Types of Star Images 1. Single frames images. The simplest images to make are single long-exposure frames. Long exposures are typically 10-30 seconds or more if your camera or interval timer will allow it. The limiting factor is the rotation of the earth which will impart a blur to your images above a certain amount of exposure time. The amount of time you can expose without blur is a function of the focal length of your lens. To determine the maximum exposure time before blur occurs, use the formula 650/focal length in mm = max exposure time in seconds. For instance, the max exposure time before blurring for a 24mm lens is 650/24 = 27 seconds. For a 100mm lens, the max time is just 6.5 seconds. Conversely, for a 14mm lens, the maximum time is 46 seconds. Milky Way Over El Capitan, Yosemite National park Tests by experts confirm that whatever lens used is best stopped down at least one stop from its widest aperture for better performance under the demanding conditions of astrophotography. So even if you have the luxury of using a 24mm f/1.4 lens, you'll achieve better image quality at f/2 rather than f/1.4. Further, long exposures can be enhanced by using the "long exposure noise reduction" setting on your camera. The camera will create a "dark frame" after your image - a blank frame using the same ISO and shutter speed. This dark frame contains the same hot pixels and sensor noise as the previous frame. The dark frame is subtracted from the light frame in-camera which improves image quality - at the cost of doubling exposure time. Single frames of landmarks can be silhouetted so that the foreground feature provides some shape and texture to the night. And we can experiment with light-painting the foreground using flashlights or handheld flash units. Added tip: use the mirror lockup function to eliminate camera shake from the mirror vibrating after flipping up. And don't pull on the cable release. Double-bonus tip: focus using Live View in 10X mode and focus on a bright star to ensure that the stars are sharp in the final image. 2. Star trail images. Star trail images are very long exposures - from 15 minutes to several hours. These long time exposures capture the rotation of the earth in the form of curved light trails formed by the stars in the sky against the dark backdrop. Because the earth revolves around Polaris, the North Star, star trails will appear to revolve around Polaris if it's in your frame. Trails made facing east, west or south will show a portion of the arc, but not full circles. Star trail image of Sierras on Highway 88 near Caples Lake. To capture these images either take one long exposure (simple) or take a series of shorter exposures of 30-60 seconds using an interval time to automatically fire the camera and composite the series on your computer after the night is over. Using the same settings from a single frame setup, 30-120 minutes of 30 second images composited can create a spectacular night sky image. In my opinion, there is no need to use long exposure noise reduction if this is your intention as the stack of images will erase any noise in the foreground. The advantage of one long image is simplicity. Unfortunately, if a plane or planes fly through your image, you'll be stuck with the streaks from their lights running through your frame. Or if someone drives through, or if you accidentally turn on your flashlight and light the foreground you'll be stuck with the accidental light as part of your composition. If you shoot a stack of 150 images, and you have five instances of stray light, you can just toss the bad frames out of the stack and use the good files. Free Software: StarStax for Mac; Image Stacker or Deep Sky Stacker for Windows 3. Star trail images can also be the source files for a new seconds of terrific time lapse video footage. If you figure 24-30 frames per second, even three hours of imaging will only yield 5 seconds of footage, so don't get your expectations high. But it is fun to play with. This first one is straight time lapse. This next video uses the interim files from StarStax (which composites star trails) to create a more flowing look to the sky. 4. Long exposure, wide-field deep space imaging - if you bring a polar equatorial mount that rotates opposite the earth's turn, you'll be able to make deep space images longer than whatever you computed in #1. Instead of 30 seconds, you can make 120 - 300 second images or even longer. I use an Astrotrac TT320X ($550, discontinued). Vixen makes the Polarie, a similar small travel mount ($650.) The Astrotrac can be used with lenses up to 300-400mm. But for this trip, it will be used mostly with wide angle and short telephoto lenses to increase the exposure time for the starfield, while leaving room in the frame for a monument or two in the foreground. With any luck, at the end of an exposure we'll be able to rim-light the monument with a couple of pops of flash for definition.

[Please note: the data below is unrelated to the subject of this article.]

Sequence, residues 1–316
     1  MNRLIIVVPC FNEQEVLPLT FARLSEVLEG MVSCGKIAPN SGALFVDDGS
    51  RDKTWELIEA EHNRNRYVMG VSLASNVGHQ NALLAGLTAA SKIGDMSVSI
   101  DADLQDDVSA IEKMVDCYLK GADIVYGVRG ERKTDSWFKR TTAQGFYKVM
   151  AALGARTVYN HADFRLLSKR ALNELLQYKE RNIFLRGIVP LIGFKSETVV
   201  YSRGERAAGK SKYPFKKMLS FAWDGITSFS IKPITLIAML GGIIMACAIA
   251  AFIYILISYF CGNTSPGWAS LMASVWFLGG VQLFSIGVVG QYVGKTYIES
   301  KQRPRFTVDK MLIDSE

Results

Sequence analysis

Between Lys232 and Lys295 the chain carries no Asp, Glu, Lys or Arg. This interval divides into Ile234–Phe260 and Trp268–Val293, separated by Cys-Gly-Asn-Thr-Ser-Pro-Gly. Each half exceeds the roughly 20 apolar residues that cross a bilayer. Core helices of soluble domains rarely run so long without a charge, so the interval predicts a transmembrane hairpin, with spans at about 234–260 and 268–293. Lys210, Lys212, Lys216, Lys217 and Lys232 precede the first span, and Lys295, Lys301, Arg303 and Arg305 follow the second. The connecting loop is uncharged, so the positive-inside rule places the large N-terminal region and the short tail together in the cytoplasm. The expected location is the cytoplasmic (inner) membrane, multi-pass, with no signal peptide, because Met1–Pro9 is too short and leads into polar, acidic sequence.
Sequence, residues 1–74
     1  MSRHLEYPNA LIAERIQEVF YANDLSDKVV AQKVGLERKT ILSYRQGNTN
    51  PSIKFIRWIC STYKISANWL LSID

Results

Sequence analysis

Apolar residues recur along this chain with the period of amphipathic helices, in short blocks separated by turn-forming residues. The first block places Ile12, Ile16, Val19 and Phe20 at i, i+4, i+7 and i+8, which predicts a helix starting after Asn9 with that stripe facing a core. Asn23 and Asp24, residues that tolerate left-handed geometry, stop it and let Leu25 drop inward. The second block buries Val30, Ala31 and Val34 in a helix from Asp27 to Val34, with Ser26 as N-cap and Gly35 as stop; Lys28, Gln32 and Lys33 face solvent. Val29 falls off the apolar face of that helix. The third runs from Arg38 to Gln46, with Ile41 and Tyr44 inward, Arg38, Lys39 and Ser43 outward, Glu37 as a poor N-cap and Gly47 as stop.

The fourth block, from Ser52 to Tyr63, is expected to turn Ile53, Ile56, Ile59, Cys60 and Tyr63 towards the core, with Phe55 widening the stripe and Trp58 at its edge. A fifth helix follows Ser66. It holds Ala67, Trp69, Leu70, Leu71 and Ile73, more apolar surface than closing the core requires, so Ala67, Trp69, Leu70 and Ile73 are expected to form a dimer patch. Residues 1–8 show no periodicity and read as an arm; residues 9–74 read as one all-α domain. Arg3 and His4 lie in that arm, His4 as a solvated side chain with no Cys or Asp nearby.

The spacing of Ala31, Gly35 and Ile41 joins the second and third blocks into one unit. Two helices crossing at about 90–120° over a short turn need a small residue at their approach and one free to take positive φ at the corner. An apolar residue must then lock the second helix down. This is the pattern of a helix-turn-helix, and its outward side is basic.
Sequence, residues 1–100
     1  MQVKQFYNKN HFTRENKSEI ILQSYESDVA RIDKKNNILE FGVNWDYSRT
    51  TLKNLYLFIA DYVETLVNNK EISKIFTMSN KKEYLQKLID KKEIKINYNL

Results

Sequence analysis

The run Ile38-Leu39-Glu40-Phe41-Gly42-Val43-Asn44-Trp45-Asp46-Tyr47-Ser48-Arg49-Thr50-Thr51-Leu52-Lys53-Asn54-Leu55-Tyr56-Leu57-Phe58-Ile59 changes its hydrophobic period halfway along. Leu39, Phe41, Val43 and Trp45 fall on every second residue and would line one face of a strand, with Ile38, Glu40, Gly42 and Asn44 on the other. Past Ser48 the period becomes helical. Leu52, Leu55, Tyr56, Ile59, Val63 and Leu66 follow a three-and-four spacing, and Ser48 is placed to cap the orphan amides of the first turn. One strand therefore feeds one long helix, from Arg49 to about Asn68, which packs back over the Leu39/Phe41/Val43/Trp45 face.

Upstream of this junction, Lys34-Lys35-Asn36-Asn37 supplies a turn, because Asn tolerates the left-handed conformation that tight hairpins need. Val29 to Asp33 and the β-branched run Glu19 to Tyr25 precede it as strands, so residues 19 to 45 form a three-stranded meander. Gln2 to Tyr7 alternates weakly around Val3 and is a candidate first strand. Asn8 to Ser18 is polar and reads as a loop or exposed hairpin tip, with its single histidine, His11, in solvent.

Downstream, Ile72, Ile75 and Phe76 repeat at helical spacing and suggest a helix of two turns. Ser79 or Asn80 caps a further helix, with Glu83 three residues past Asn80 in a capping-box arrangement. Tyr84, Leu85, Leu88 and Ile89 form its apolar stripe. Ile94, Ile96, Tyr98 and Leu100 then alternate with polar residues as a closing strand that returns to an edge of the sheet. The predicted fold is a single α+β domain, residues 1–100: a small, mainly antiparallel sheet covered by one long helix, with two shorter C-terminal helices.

Five minutes of exposure of the Milky Way composited with a Monument Valley silhouette.